, SIS “soon became one of the most hospitable places in Belgium: if a stranger applied for admission, nobody ever inquired into his religious or political ideas; all willing workers, big or small, were welcome. Waxweiler had taken great pains to organize this institute, to make of its library, catalogue, and collections an almost perfect instrument, to give to it that atmosphere of freedom and scholarship which is in itself an inspiration” (Sarton 1917: 168).

Sarton (1917: 168) furthermore states that the point of view guiding SIS during Waxweiler’s time was “essentially functional,” involving “the consideration of social facts, not under their formal, external, descriptive aspect, but rather under their genetic, internal, explanatory aspect.”

The ambitious course of research which SIS had embarked upon under Waxweiler’s guidance may readily be summarized by the rubrics under which his Archives Sociologiques arrayed and reviewed new works contributing either to the progress of human sociology or to its introduction (cited in Sch. 1912: 37):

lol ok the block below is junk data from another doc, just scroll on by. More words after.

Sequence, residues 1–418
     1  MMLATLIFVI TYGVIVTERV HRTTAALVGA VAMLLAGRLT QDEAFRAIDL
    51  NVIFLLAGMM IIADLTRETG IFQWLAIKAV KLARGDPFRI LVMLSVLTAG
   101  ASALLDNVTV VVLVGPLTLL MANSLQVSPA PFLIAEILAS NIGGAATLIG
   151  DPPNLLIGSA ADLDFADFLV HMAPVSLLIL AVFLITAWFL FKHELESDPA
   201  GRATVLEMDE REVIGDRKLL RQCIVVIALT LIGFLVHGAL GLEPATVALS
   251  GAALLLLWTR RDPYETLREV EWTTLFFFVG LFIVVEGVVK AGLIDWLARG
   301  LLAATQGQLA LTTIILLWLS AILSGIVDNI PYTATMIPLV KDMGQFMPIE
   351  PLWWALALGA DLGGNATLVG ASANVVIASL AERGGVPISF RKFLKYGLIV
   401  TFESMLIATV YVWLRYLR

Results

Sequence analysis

• Introduction
    • Energetics and general biology in their relations with sociology [Energétique et biologie générale dans leurs rapports avec la Sociologie]
    • Ethology of interindividual relations among living beings other than humans [Ethologie des rapports interindividuels chez les êtres vivants autres que les hommes]
    • Human and comparative physiology and psychology in their relations to sociology [Physiologie et psychologie humaines et comparées dans leurs rapports avec la Sociologie]

  • Human Sociology
    • Social accommodation [Accommodation sociale]
    • Social organisation [Organisation sociale]
    • Doctrine and method [Doctrine et méthode]

In addition, thanks to Solvay’s largesse, Waxweiler’s expansive vision, and its implantation in an architectural space of its own, SIS — utilizing modern methodologies from its very beginning — was never enthralled by any particular school of thought, such as that cast by Durkheim on the bulk of Francophone sociology, and functioned as “a true ‘laboratory,’ conducting in-depth inquiries, often involving statistical instrumentation, on the conditions of urban life, labor organisation, economic development, or even the ethnography of the Belgian Congo” (Vatin 1996: 486).